Lobbying and rumors of a large dam on the Tennessee River had been going on for years, even before the modern bridges and highways were built. The Tennessee Valley Authority, a New Deal program to help get the US out of the Great Depression, was building dams all up and down the Tennessee River.
TVA had originally planned to build Kentucky Dam at Aurora, but moved it downstream to Gilbertsville due to geological reasons. Construction began on the dam in 1938 and was completed in 1944, creating Kentucky Lake.
When the dam was being built, the impact was very significant. Hundreds of families had to be relocated, cemeteries moved (some were not, however), and dozens of miles of roads and railroads had to be rerouted.
One of the bigger projects was the raising of Eggners Ferry Bridge. Instead of tearing down the relatively new structure (it was only 12 years old at the time), they decided to raise it 22-25 feet. Workers shut the bridge down for a few months in late 1943. They worked hard and long hours to get the bridge raised and back open as quickly as possible.
In February 1944, the new bridge opened, and tolls were removed shortly afterwards. There was a lot of pomp and circumstance surrounding this engineering feat, with an article from a local newspaper detailing all the dedication of the new bridge.
Eggners Ferry Bridge served faithfully for many decades until one night in January 2012. A large cargo ship called the Delta Mariner was off course and hit one of the spans of the bridge, collapsing it across the ship’s bow. Amazingly no one was killed or injured; no vehicles plunged into the water.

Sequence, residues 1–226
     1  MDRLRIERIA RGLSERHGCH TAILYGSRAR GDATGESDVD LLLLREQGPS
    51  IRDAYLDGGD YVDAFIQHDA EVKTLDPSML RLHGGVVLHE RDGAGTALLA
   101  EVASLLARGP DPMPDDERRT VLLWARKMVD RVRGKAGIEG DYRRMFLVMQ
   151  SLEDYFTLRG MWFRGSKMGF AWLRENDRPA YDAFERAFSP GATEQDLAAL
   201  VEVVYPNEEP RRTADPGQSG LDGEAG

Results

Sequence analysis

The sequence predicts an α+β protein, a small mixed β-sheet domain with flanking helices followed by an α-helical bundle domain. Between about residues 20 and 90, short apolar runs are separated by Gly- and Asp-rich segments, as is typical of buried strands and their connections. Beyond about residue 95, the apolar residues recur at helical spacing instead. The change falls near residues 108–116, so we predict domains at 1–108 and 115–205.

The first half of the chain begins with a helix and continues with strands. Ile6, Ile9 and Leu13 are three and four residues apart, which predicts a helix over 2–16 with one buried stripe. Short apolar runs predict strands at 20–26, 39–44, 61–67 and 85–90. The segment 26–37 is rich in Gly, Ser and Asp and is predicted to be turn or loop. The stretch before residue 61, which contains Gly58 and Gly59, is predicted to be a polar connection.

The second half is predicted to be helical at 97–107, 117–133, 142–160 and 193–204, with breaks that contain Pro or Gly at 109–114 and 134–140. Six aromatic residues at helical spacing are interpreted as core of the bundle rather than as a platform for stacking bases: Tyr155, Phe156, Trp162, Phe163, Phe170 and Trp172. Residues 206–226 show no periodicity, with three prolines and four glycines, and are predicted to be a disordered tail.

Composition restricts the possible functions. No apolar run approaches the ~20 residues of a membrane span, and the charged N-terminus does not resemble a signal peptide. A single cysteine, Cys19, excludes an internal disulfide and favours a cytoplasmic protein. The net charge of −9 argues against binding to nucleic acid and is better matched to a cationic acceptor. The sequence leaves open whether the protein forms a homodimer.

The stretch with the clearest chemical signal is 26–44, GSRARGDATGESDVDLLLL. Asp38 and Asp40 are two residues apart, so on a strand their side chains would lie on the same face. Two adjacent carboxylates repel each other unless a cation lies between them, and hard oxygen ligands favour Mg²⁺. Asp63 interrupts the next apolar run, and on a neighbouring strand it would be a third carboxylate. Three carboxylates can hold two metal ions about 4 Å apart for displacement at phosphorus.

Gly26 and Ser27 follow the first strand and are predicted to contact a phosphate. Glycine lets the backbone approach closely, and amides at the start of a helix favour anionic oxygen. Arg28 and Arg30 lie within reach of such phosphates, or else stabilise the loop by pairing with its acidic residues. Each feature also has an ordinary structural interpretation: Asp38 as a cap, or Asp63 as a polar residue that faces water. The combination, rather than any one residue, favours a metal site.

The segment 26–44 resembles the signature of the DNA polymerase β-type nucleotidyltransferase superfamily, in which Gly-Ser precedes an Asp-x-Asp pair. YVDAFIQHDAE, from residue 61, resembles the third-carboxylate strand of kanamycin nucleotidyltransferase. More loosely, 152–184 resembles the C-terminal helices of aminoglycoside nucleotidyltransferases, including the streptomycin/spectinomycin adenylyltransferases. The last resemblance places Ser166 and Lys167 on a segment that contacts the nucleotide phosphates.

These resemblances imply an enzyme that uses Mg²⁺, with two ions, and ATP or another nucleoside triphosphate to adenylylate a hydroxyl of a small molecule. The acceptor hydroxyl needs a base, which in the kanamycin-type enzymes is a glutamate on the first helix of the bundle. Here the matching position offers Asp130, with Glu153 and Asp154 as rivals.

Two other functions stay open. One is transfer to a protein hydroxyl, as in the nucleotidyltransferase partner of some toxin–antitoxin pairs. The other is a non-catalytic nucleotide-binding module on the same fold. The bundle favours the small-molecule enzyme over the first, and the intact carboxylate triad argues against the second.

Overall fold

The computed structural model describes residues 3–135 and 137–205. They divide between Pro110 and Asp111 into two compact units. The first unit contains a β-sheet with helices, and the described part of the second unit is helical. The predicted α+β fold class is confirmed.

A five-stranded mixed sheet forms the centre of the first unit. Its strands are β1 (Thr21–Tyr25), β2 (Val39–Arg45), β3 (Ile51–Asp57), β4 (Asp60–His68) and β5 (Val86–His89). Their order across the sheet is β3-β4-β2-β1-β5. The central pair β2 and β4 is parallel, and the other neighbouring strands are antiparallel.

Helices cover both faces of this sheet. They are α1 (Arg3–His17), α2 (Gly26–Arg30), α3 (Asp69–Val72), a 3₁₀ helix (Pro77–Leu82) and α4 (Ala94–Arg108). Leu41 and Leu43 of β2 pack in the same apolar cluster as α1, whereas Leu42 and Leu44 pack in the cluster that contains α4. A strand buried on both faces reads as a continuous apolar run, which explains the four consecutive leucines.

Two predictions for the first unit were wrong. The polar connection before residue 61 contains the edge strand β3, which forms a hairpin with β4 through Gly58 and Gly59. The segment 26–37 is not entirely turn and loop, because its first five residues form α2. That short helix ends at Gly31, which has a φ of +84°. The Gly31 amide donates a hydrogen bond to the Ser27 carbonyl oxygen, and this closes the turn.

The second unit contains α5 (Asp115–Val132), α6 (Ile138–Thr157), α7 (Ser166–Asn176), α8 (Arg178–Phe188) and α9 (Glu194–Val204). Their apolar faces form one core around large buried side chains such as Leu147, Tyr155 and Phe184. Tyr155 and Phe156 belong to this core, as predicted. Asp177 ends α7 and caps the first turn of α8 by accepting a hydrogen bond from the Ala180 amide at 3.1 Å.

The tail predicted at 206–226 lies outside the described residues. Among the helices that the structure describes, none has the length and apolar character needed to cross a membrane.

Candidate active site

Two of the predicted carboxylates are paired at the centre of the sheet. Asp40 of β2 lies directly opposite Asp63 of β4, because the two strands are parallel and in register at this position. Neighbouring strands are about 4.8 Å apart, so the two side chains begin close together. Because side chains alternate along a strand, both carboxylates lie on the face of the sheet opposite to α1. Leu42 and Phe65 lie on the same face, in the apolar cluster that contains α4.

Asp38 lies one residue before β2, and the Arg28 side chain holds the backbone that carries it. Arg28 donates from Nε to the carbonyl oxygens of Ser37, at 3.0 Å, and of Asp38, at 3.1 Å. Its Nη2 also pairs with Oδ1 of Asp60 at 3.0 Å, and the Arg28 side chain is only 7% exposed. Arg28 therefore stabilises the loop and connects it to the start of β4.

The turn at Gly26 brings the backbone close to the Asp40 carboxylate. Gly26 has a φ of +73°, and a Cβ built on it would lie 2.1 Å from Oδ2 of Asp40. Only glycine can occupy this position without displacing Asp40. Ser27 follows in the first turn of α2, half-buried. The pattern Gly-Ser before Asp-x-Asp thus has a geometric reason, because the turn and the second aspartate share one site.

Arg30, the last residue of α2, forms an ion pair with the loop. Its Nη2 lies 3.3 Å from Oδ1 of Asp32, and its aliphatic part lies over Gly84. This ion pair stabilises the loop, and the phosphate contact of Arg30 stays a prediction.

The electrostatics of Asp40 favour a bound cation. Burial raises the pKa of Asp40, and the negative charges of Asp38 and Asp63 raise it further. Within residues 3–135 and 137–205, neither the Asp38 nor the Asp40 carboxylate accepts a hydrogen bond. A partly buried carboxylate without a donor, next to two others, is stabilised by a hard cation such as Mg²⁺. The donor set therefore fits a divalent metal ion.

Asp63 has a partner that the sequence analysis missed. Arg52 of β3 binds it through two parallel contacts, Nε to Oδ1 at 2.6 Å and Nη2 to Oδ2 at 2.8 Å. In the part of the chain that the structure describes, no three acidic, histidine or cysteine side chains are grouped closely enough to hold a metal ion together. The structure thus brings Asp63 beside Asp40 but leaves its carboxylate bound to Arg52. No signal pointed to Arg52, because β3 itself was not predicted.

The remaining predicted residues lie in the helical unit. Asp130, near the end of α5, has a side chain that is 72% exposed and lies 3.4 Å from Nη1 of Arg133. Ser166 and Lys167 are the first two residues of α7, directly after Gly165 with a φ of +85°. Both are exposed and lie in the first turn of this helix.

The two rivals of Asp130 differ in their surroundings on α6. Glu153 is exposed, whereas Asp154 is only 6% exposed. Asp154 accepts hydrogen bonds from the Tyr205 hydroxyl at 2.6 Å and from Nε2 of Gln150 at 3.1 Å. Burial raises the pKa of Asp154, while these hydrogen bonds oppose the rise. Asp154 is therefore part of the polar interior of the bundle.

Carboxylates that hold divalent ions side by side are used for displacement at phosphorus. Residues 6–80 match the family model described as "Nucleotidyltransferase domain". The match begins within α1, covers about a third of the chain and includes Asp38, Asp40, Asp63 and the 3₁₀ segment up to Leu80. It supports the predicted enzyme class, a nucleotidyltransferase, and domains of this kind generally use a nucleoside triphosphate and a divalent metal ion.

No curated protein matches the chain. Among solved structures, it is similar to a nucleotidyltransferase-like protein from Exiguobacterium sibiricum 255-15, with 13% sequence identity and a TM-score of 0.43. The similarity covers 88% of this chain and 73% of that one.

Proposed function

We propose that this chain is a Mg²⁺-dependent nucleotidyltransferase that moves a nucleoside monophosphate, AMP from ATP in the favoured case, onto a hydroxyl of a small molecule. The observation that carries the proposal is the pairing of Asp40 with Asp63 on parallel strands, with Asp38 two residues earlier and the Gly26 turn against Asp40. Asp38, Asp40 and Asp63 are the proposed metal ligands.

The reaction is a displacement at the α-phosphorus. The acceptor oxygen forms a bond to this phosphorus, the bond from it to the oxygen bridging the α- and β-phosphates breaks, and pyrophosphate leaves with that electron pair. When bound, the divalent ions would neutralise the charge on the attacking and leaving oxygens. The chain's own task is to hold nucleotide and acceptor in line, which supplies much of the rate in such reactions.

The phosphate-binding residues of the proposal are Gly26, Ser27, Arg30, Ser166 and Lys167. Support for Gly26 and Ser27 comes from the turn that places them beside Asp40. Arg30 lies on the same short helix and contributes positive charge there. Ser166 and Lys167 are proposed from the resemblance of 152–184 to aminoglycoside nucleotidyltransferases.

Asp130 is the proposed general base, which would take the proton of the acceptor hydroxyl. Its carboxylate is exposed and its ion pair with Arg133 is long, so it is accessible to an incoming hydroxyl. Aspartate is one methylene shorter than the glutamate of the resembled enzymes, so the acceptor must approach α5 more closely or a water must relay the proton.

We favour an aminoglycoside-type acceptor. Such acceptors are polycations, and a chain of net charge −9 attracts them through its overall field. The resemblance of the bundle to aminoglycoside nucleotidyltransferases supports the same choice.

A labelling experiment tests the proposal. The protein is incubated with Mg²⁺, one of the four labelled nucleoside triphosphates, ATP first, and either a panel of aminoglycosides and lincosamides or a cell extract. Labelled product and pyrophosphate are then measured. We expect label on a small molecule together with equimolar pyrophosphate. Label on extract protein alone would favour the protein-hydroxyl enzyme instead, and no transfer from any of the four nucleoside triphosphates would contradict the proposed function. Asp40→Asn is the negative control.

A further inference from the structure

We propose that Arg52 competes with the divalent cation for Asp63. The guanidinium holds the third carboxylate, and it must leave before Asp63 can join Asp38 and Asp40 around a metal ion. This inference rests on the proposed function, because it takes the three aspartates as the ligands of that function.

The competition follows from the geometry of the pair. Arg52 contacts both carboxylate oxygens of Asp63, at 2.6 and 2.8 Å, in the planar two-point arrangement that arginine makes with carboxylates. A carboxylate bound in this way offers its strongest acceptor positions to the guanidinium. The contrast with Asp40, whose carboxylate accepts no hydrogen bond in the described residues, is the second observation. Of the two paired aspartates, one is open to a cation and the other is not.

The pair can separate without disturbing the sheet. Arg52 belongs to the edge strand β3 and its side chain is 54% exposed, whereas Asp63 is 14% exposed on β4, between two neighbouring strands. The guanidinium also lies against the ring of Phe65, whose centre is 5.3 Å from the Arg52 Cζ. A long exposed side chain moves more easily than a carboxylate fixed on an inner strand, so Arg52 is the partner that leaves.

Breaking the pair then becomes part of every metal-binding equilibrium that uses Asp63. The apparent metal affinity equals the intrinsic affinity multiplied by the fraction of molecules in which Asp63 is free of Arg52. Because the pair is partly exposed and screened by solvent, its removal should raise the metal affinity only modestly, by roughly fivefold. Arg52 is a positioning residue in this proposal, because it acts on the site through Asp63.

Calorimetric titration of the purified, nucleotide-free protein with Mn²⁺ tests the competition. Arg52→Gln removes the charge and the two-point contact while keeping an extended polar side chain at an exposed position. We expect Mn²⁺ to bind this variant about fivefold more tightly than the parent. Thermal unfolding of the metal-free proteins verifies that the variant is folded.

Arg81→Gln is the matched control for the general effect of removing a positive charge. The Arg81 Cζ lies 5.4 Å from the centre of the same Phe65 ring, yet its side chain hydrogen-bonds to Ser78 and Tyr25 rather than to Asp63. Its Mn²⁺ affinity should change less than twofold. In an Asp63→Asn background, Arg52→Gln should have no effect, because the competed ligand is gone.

Over the next few days officials began to try to figure out what to do to get the bridge back open. Some suggested even reestablishing a ferry at the site, an ironic twist of fate for the bridge.
Replacement of the span as quickly as possible was top priority. The project was done in just four months at the cost of $7 million.
Years before the Delta Mariner accident, work had already begun to completely replace Eggners Ferry Bridge. The 84-year old structure had become “functionally obsolete” despite its structural soundness. With the lanes only 10-feet wide, semi-trucks, which didn’t exist in 1932, could not meet on the bridge without breaking their mirrors.
One business owner in Aurora once said he would see semis pull in his parking lot with broken mirrors on a monthly basis. Truck drivers who know the bridge will typically stop on the bridge if they meet an oncoming semi and attempt to slowly get by them. Some will even fold in their mirrors before crossing.
Today, that is no longer a problem. The new Eggners Ferry Bridge partially opened for traffic on April 8, which meant the old Eggners Ferry Bridge had seen its last civilian vehicle.
The new bridge will be fully operational later this year. It will have four 11-foot lanes with a median barrier. It will also feature a 10-foot bike/hike path along the southern side of the bridge. For safety, the path will be lit.
The old bridge will be demolished, leaving virtually no trace of the venerable structure.
Technological advances and transportation improvements have drastically changed not only our lives, but the landscape of western Kentucky as well. It’s a great thing to honor the memory of not just Eggners Ferry but all the ferries that people depended on prior to bridges.